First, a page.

At the beginning of each session, we will spend a few minutes talking about projects, progress, and goals. The remaining time will be flexible, with participants able to share excerpts and provide feedback as desired, to discuss writing questions and concerns, or to simply write.

As a writer myself, the hardest thing to do is prioritize and carve out solid writing time. I’ve been off the train more than I’ve been on it since I began working at the library. It’s time I dig deep and get back into the habit of writing.

If time isn’t your only barrier to writing, we have desk top computers for participants to use, as well as two laptops if necessary. In addition, all writing styles, lengths, and genres are welcome. The only limit is your commitment.

Please share this information with anyone you know who has ever exclaimed, “I should write a book!”

get connected to the story in you~ jody

Posted in Just for Fun

Welcome Back, Students

It’s always a pleasure when students return to the library fresh from summer vacation. This year we welcome them back with a new feel to the library, as we want nothing more than to encourage youth to visit the library often.


Some responses we’ve gotten from our new set up:

  • This feels like we’re in college.
  • It’s like we’re in a coffee shop.
  • I love this space. I can’t wait to just sit in it.
  • I almost wish I wasn’t a senior, because I want to spend so much time here.
  • Dude, this is awesome!

And it is awesome. We hope we’ve created a sense of community and belonging with enough space for privacy, relaxing, and of course, study.

In addition to the new furniture, we have great staff at the library who are truly here to help in any way possible. In return, we ask for a few things:

  • Food and drink should be consumed outside the library during school hours. If we want to keep our furniture clean, we can’t have sticky, stains all over the place. After school, we have space at the front of the library where food and drink are acceptable.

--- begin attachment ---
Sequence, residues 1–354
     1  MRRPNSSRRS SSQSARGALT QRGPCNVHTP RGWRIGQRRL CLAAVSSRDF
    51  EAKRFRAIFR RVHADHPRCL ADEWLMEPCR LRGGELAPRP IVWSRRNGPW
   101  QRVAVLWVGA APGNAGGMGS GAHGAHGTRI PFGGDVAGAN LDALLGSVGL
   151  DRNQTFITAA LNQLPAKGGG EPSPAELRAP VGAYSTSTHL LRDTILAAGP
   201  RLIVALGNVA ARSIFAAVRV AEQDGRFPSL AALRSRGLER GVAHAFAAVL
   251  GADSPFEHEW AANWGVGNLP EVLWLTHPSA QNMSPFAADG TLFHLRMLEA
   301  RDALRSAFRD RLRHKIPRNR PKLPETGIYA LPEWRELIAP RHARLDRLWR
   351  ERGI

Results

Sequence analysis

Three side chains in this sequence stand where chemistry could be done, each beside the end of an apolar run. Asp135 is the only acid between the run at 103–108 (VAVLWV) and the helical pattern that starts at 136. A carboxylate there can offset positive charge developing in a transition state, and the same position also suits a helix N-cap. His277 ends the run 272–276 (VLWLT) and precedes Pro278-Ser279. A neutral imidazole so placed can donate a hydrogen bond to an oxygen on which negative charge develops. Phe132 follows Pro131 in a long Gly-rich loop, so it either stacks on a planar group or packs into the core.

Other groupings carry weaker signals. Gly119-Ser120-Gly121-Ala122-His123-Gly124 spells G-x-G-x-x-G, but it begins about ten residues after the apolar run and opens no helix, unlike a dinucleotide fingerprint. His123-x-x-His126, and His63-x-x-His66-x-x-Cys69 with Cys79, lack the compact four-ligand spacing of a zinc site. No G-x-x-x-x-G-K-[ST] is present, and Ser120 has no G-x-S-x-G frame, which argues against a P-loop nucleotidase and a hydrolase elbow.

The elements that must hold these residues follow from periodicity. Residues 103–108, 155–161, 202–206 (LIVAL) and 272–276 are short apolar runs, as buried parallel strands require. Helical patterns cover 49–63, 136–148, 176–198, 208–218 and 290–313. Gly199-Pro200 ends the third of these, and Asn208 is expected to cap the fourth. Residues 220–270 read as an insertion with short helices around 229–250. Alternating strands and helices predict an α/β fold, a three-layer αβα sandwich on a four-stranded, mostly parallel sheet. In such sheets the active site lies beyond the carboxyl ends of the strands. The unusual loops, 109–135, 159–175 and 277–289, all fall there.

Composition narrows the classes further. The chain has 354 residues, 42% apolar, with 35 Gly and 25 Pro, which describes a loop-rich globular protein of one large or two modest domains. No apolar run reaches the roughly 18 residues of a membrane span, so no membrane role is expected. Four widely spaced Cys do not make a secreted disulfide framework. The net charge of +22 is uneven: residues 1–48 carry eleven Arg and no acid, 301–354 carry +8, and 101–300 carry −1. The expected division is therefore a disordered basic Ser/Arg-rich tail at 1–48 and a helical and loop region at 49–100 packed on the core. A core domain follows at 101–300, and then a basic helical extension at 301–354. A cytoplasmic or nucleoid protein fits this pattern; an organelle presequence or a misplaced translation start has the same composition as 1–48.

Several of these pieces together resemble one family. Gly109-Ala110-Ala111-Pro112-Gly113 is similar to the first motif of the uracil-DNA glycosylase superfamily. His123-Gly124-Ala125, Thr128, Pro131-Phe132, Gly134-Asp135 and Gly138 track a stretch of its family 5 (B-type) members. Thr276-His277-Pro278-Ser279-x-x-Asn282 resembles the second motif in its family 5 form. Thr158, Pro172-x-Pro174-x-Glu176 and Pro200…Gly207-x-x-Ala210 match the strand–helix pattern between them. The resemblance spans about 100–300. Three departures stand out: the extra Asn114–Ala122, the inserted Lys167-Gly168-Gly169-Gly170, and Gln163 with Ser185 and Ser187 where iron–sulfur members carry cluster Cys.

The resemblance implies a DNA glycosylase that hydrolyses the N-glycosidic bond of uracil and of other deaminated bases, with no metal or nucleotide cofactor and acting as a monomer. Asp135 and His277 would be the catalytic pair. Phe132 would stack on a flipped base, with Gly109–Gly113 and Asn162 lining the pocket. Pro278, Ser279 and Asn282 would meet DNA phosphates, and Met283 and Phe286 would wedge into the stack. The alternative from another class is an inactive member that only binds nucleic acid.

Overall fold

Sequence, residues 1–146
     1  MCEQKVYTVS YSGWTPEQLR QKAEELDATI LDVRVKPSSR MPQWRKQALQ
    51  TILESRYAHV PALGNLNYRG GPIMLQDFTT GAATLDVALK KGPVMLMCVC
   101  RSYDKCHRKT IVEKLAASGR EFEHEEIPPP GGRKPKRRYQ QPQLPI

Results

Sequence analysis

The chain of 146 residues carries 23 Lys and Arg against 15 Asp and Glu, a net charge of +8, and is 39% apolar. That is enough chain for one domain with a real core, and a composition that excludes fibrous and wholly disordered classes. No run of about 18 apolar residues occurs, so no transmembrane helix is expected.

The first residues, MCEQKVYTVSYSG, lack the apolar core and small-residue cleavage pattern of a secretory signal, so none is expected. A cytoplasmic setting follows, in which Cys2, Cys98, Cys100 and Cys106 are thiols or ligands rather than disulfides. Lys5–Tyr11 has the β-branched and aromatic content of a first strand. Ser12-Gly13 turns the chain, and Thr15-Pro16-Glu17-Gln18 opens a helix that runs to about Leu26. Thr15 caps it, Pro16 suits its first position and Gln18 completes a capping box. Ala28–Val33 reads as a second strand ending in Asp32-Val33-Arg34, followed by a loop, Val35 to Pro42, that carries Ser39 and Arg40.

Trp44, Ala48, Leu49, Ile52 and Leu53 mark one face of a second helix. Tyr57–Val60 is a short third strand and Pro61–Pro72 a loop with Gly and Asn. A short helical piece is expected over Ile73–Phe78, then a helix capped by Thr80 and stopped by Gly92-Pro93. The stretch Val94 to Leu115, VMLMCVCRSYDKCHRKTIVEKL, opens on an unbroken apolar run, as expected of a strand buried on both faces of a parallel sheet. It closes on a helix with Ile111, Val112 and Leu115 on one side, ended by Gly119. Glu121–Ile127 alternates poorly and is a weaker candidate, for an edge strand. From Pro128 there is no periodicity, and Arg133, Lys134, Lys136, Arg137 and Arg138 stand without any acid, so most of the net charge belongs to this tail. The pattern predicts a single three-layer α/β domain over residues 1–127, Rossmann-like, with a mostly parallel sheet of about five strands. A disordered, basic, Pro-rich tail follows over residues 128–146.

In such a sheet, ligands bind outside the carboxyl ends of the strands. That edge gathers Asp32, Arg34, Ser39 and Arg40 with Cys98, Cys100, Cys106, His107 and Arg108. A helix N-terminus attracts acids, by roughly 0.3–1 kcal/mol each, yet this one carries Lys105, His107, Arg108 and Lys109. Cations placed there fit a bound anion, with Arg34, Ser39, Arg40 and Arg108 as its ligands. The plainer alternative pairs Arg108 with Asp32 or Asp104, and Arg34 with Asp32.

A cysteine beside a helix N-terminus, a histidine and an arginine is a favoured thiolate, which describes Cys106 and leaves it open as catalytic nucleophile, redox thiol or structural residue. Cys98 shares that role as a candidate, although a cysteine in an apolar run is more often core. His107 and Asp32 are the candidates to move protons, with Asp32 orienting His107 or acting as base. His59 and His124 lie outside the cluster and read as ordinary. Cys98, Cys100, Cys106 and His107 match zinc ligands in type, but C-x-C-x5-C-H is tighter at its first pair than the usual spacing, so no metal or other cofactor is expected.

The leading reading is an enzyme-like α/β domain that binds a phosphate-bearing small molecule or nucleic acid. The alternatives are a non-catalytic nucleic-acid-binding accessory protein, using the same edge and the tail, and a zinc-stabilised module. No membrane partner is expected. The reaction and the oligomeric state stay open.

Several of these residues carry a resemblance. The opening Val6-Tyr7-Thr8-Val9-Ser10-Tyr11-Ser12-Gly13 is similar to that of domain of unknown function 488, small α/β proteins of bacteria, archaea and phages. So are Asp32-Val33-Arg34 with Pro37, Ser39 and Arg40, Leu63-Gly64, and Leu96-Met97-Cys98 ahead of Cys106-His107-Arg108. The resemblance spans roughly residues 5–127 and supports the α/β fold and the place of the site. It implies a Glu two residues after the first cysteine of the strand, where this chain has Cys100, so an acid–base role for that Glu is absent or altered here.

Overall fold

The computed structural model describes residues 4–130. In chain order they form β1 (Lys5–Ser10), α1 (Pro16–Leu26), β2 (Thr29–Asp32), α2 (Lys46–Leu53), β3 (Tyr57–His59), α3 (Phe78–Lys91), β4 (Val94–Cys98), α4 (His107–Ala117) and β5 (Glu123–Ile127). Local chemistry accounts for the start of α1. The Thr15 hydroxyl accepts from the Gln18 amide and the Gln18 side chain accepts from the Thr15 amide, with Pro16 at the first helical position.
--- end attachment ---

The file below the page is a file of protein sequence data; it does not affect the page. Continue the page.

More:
• Furniture is for behinds, not feet. We ask that patrons do not stand on the chairs or sit on the tables. That said, you can put your feet up on the ottomans to relax.
  • Media should be minimal. Nobody should hear your phone ringing or your favorite you-tube video playing. In fact, practice using that inside voice we all learned about in kindergarten. This will make the library more comfortable for everyone.
  • And lastly, please do not move the furniture from where it’s at. While the computer lab and conference room has flexible seating with tables and chairs on casters that you can move to accommodate your group needs, our study area does not for the simple reason that the furniture is set up the way it is on purpose–to accomodate all sorts of patron preferences.

One last quick reminder before I go. It’s the one that keeps me up at night and anxious every afternoon.

The library parking lot is not a student pick-up spot.

Our lot is not set up for easy parking or maneuvering. When parents park in the library parking lot, they take parking space away from public patrons who actually want to use the library. In addition, cars are hit all the time in our lot, which poses a safety risk for students (and family vehicles)–particularly when the lot is congested.

Instead, please use the circle drive. While busy, and also congested, its purpose is as a pick-up zone for youth.

happy learning~ jody


Posted in Book Talk

Teens’ Top Ten Voting

From now until October 12th, teens can vote for their favorite reads from 2018 in YALSA’s Teens’ Top Ten. Fifteen teen book groups from around the country curated the list of nominees, so these books are chosen by teens for teens. Peruse the list of nominees below, check out titles from Meinders Community Library, and vote for your top three.